Islamic Castles of Spain (page 2)

Tapial masonry

A characteristic feature of Islamic castles everywhere, and no more so than in Spain, is the use of Tapial or rammed earth.

Tapial is made from clay and earth taken from the site and mixed with water, lime and hard loose material such as pebbles, wood, brick and other stone. The walls were made between wooden boards in sections, into which was pressed the mixture as described. This was left to set after which time the retaining boards were removed and repositioned to continue the walls construction.

photo padern portugalIn Tapial walls remaining today the exterior plaster render is often missing revealing the very hard core (some are over 1,000 years old) and also the regularly spaced holes where the wooden retaining bars were placed onto which the exterior wooden boards were fixed. The holes were left in situ (i.e. not filled in) to allow expansion and contraction of the fabric.

There is some evidence that the plastered outer face of the walls and towers were painted, although the examples I have seen are in Portugal. A fine example of original painted walls is at Salir in the Algarve where we can see remains of paint on the original plaster in the form of white painted lines forming a pattern of large oblong blocks – perhaps designed to represent stone masonry from a distance. Another example of painted surfaces is at the 12th century Islamic castle of Padern, again in the Algarve.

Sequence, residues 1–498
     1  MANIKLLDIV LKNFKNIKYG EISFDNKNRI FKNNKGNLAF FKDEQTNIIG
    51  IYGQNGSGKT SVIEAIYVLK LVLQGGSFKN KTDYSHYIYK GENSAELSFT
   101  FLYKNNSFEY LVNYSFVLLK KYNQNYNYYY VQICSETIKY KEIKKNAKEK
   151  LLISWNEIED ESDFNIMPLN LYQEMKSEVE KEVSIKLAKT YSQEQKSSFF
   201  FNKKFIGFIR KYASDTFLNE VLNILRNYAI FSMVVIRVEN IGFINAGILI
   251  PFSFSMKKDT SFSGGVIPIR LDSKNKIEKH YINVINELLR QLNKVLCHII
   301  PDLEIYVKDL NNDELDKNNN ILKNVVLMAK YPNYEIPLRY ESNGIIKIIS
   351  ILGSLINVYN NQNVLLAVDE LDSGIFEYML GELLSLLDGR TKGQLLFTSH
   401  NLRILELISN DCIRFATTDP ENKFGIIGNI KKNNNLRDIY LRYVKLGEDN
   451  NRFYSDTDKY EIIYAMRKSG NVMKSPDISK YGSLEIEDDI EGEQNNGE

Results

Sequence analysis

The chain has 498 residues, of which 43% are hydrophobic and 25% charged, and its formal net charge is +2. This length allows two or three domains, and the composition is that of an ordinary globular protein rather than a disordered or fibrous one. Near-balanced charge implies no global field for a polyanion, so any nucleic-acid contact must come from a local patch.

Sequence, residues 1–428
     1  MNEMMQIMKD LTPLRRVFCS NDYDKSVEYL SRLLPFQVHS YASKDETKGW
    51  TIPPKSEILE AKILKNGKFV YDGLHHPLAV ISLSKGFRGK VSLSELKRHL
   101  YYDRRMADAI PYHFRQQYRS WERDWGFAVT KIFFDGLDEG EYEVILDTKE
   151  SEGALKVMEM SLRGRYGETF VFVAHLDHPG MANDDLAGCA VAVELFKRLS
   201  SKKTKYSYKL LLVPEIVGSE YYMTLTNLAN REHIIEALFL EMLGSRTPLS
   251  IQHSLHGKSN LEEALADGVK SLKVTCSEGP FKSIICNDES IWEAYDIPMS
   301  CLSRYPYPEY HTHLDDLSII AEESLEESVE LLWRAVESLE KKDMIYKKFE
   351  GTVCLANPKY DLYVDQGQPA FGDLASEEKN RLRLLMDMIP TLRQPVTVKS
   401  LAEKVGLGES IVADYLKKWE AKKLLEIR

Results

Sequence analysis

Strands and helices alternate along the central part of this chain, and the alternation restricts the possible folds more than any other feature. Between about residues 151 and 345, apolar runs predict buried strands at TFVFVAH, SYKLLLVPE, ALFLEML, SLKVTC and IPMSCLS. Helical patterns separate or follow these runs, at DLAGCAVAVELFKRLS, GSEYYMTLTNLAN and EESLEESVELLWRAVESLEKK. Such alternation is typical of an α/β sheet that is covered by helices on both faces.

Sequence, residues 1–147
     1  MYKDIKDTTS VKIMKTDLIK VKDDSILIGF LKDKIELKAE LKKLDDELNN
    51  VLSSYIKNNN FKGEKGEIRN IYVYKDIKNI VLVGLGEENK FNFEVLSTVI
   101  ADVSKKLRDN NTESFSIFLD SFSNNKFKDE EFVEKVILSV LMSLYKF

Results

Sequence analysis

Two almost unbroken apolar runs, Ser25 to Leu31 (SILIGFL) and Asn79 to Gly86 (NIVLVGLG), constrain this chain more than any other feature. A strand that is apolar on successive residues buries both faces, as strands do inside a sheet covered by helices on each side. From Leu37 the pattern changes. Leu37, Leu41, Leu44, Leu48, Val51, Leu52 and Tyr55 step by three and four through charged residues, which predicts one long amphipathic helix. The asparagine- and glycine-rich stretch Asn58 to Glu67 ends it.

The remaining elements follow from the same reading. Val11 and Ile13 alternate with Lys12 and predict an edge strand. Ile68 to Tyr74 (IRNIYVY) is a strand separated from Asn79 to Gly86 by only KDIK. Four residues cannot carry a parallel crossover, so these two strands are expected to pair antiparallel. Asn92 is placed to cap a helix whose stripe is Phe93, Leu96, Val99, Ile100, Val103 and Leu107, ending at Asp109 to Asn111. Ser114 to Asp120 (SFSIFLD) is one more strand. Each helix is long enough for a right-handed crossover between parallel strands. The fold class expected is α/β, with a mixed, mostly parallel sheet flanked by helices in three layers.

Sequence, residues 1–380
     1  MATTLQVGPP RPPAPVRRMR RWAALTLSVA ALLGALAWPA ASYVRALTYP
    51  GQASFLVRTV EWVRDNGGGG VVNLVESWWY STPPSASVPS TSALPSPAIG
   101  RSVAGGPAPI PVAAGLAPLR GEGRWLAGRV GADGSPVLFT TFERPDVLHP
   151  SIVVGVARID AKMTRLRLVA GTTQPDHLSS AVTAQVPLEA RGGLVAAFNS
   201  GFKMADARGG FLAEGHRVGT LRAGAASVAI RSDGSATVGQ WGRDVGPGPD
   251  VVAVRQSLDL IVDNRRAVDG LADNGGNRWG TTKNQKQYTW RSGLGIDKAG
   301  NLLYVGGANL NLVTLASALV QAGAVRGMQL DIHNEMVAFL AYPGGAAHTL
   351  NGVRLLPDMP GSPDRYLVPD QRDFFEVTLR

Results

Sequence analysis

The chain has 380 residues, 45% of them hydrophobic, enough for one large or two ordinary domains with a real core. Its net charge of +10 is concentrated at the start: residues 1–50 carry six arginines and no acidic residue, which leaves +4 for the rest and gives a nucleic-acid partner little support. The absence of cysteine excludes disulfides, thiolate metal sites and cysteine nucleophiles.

It is difficult to propose specific stylistic antecedents when examining Islamic military architecture in Spain in other than the most general terms. There is ongoing research into this area. The first builders of military architecture in Spain came to the peninsula with ideas and techniques from other parts of the Islamic world, notably the Middle East ( especially the areas of present day Syria, Iraq and Egypt).

Research into early Islamic military architecture in that area shows a number of similar styles and techniques in use in the wider Muslim world such as the use of Tapial construction, ‘dog-leg’ entrance gates, decorative gateways etc. But without doubt by the 11th century a particularly Iberian style was developing that was the result of many influences combined with an Andalusian creativity and therefore unique.

As the greatest period for the building of castles and military structures generally in Spain was during the Almoravid and Almohad periods (late 11th C to mid 13th C) and as these two great dynasties originated in Morocco it might be reasonably presumed that some influence arrived in Spain from that kasbah morocco

However, there is no obvious evidence for this, and the building of Kasbahs and other mud built fortified structures bear no relationship to those found in Spain. It seems that Almoravid and Almohad Berbers from Morocco, once settled in Spain, absorbed some of the sophisticated scientific and cultural Islamic society that had long existed under the Caliphate from the 8th century and brought this back to Morocco.

The Christian reconquest of Spain brought northern castle building techniques into the Andalusian Islamic sphere and some influences undoubtedly occurred between the two traditions. The visible remains we see today lean to a view that Christian architecture in Spain was influenced by the Islamic people they conquered rather than the other way around – the Christians in Spain for example adopted the detached or albarrana towers.